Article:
Asola Bhatti Wildlife Sanctuary in Delhi to get 2nd native seed nursery | Latest News Delhi - Hindustan Times
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Asola Bhatti Wildlife Sanctuary in Delhi to get 2nd native seed nursery

ByJasjeev G
Apr 03, 2023 02:37 AM IST

A tender has been floated by the forest department for the project at an estimated cost of ₹2.01 crore, and slated to be four times bigger than the existing one

The forest and wildlife department will develop a second native seeds nursery at the Asola Bhatti Wildlife Sanctuary which will be able to produce around six lakh saplings in one go, officials said on Sunday.

The new nursery is being developed near the old one and a majority of the saplings produced will be utilised by the department as part of its annual plantation targets, officials said. (HT Photo)
The new nursery is being developed near the old one and a majority of the saplings produced will be utilised by the department as part of its annual plantation targets, officials said. (HT Photo)

A tender has been floated for the project at an estimated cost of 2.01 crore, and slated to be four times bigger than the existing one. It will largely plant eight rare tree species which are either native to Delhi or the Aravalli hill ranges, officials said.

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In 2021, the department developed its first native seeds nursery with an aim to regrow plants in their native place in prominent numbers.The nursery produces around 2 lakh saplings and is spread on a couple of acres.

The new nursery is being developed near the old one and a majority of the saplings produced will be utilised by the department as part of its annual plantation targets, officials said.

Delhi's Asola Bhatti Wildlife Sanctuary nursery project.
Delhi's Asola Bhatti Wildlife Sanctuary nursery project.

Like the first nursery, the latest one is also being developed by the forest department in collaboration with the Bombay Natural History Society (BNHS), which had identified 22 native trees for conservation purposes in 2021. These included endangered native tree species Adusa (Malabar Nut), Barna (Three-leaf Caper), Dhau (Axle Wood Tree), Goya Khair (Sickle Bush), Gangeti (White Crossberry), Guggal (Indian Bdellium) or Gunja (Indian Ash Tree) among others.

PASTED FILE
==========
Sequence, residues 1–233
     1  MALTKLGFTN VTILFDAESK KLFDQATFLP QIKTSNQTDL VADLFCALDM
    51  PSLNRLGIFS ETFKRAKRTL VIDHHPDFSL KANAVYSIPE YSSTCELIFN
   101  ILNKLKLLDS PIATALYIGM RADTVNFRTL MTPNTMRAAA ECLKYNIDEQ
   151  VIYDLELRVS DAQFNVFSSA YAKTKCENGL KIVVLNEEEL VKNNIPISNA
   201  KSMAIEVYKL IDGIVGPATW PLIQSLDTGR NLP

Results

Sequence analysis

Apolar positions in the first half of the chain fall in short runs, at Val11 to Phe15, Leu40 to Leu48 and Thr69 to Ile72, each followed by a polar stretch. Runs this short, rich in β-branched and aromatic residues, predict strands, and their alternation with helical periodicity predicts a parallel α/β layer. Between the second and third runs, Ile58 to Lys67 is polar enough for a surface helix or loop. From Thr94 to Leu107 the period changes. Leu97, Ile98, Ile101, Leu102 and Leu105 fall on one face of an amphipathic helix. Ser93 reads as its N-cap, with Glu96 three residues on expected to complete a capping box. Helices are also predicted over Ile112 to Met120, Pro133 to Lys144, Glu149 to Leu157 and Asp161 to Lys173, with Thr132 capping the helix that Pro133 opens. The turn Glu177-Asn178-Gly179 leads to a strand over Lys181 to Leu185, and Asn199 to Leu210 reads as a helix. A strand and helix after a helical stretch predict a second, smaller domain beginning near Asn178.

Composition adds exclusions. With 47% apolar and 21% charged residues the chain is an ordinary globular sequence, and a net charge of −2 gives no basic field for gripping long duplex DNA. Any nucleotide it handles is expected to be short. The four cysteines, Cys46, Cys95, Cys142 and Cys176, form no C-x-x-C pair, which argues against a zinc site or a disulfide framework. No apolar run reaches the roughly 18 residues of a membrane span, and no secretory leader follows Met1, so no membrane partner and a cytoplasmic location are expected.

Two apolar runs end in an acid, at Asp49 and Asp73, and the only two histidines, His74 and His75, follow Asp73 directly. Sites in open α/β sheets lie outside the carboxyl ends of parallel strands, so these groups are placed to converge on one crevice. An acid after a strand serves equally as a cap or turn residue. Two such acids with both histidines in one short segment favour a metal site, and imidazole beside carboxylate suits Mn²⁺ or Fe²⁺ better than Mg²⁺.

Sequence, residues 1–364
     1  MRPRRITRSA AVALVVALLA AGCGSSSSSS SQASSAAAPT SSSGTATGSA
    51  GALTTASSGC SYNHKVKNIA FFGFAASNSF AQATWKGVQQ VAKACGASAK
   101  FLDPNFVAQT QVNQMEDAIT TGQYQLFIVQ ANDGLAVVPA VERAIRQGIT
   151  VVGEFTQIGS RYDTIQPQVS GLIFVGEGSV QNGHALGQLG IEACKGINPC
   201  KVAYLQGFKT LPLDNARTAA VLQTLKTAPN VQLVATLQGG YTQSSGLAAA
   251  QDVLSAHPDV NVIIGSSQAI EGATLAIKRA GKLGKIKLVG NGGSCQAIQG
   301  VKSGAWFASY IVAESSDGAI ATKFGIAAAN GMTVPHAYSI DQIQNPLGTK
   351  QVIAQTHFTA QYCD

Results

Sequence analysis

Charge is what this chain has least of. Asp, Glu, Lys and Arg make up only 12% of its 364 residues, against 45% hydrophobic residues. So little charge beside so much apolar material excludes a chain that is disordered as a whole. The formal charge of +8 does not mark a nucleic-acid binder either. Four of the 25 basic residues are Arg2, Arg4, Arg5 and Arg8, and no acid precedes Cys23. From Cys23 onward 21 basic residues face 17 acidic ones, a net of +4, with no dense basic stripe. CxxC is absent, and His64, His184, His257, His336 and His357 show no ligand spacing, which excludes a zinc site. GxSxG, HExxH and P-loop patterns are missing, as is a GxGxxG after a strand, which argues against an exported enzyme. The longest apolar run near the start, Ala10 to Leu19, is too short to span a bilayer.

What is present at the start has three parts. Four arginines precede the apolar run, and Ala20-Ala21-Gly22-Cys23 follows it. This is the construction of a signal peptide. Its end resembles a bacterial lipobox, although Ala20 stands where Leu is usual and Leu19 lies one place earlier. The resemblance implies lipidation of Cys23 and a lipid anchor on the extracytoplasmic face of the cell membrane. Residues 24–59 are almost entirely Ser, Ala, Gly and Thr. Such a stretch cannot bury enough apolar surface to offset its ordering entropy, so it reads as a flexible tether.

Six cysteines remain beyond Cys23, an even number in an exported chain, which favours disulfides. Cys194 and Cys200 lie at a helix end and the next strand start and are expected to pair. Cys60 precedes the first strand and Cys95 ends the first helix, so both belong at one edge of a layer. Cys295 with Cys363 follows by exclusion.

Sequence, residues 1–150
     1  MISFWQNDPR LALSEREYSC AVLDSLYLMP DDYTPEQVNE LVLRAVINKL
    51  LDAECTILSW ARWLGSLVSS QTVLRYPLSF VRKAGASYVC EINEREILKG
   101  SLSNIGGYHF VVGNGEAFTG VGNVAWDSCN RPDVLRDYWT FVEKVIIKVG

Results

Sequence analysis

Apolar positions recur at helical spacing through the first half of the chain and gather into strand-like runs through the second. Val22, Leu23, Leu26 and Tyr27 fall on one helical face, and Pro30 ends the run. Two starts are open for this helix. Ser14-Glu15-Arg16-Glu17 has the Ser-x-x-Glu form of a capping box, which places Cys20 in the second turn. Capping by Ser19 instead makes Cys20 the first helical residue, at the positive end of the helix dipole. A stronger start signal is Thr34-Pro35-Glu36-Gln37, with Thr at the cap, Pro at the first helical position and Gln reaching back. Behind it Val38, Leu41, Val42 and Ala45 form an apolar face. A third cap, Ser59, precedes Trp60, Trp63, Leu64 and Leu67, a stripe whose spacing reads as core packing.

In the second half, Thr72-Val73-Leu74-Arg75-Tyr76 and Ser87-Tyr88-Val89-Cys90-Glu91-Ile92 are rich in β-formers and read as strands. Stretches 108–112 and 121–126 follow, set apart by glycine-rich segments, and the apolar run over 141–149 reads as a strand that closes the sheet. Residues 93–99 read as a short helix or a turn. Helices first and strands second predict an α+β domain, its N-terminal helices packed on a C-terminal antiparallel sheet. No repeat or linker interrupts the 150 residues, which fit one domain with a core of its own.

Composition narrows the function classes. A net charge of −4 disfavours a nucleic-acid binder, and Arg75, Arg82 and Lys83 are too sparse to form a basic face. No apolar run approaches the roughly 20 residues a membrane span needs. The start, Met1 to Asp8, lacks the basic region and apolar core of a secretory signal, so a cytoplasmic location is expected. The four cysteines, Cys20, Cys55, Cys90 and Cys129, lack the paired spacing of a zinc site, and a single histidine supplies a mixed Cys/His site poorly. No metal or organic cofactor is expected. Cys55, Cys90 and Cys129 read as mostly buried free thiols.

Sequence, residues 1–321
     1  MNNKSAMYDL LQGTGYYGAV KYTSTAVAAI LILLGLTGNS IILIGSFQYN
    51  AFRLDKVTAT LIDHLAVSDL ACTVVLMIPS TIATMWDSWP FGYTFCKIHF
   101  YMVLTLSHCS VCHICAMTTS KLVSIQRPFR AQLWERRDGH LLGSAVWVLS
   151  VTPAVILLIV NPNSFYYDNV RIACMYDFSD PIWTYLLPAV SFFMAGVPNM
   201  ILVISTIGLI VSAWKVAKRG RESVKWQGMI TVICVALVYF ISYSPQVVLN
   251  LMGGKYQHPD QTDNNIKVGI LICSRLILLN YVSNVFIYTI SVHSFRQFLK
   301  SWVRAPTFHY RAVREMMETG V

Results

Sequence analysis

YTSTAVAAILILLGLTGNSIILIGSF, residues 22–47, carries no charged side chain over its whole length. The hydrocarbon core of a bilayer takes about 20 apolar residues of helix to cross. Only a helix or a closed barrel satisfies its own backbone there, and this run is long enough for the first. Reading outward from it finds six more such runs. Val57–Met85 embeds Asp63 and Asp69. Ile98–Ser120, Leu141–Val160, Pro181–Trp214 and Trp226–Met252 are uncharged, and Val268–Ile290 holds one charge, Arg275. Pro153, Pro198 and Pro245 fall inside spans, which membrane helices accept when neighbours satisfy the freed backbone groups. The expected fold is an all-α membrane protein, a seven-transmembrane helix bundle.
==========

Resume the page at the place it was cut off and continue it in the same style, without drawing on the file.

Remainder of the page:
Mandeep Mittal, Deputy Conservator of Forest (DCF), South, said the new nursery will replicate the practices from the first nursery, but at a much larger scale, allowing the department to not only plant these native trees in Asola, but also in other parts of Delhi.

“After this new nursery becomes operational, we will be able to produce around 8 lakh saplings in one go, a lot of which can be either distributed free of cost or planted to meet our annual targets. This will ensure native species which are not seen as much in Delhi once again start returning in prominent numbers,” he said.

Sohail Madan, Centre Manager of BNHS at Asola, and said eight endangered native tree species will be the focus of the second nursery, which includes Bistendu (Bombay Ebony), Roheda (Desert teak), Barna (Sacred garlic pear), Sonjna Wild (Konkan Moringa), Salai (Indian olibanum), Kala Indrajao (Wrightia arborea), Kulu (Indian tragacanth) and Guggal (Indian Bdellium).

“This new nursery will act as an extension of the old one and allow us to preserve endangered native species and grow them at a much larger scale. While we have 190 beds at present, 900 more nursery beds will soon be added,” Madan said, stating seeds of these native species had been collected over a five year period from several states in order to build a seed bank.

The forest department requires around 100 labourers for setting up the new nursery and assist in activities such as watering the saplings, growing them during different seasons and seedling transplantation into larger pots.

“The tender is for the engagement of 100 labourers for raising a new nursery near the animal enclosure at Asola Bhatti Wildlife Sanctuary at Tughlakabad for a period of one year under the south forest division,” according to the tender.

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Vijay Dhasmana, an ecologist and curator at the Aravalli Biodiversity Park in Gurugram, said while the species selected are important, it is essential to grow them in the right terrain. “Out of the eight species, barring Kala Indrajao, the rest are all rocky outcrop species. If planted elsewhere, they are unlikely to thrive. For instance, if Salai or Kulu get too much moisture, they will die and therefore, we need to start planting them in the right places. A native tree is important for the overall ecology and it also grows much faster and uses much less water than an invasive tree.”

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